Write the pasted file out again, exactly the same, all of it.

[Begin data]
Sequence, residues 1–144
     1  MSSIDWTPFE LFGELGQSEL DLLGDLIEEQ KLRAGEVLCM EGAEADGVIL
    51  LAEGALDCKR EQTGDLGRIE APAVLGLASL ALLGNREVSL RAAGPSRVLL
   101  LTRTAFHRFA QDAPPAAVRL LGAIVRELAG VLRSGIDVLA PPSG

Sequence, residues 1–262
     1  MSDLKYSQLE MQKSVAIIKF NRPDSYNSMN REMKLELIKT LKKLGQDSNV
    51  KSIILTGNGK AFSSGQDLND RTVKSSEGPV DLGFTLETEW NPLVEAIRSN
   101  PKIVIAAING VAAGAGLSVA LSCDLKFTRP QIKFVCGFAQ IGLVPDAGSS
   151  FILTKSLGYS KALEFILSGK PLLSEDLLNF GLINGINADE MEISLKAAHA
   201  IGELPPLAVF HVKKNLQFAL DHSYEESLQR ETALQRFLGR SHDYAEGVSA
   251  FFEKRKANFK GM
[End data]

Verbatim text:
Sequence, residues 1–144
     1  MSSIDWTPFE LFGELGQSEL DLLGDLIEEQ KLRAGEVLCM EGAEADGVIL
    51  LAEGALDCKR EQTGDLGRIE APAVLGLASL ALLGNREVSL RAAGPSRVLL
   101  LTRTAFHRFA QDAPPAAVRL LGAIVRELAG VLRSGIDVLA PPSG

Sequence, residues 1–262
     1  MSDLKYSQLE MQKSVAIIKF NRPDSYNSMN REMKLELIKT LKKLGQDSNV
    51  KSIILTGNGK AFSSGQDLND RTVKSSEGPV DLGFTLETEW NPLVEAIRSN
   101  PKIVIAAING VAAGAGLSVA LSCDLKFTRP QIKFVCGFAQ IGLVPDAGSS
   151  FILTKSLGYS KALEFILSGK PLLSEDLLNF GLINGINADE MEISLKAAHA
   201  IGELPPLAVF HVKKNLQFAL DHSYEESLQR ETALQRFLGR SHDYAEGVSA
   251  FFEKRKANFK GM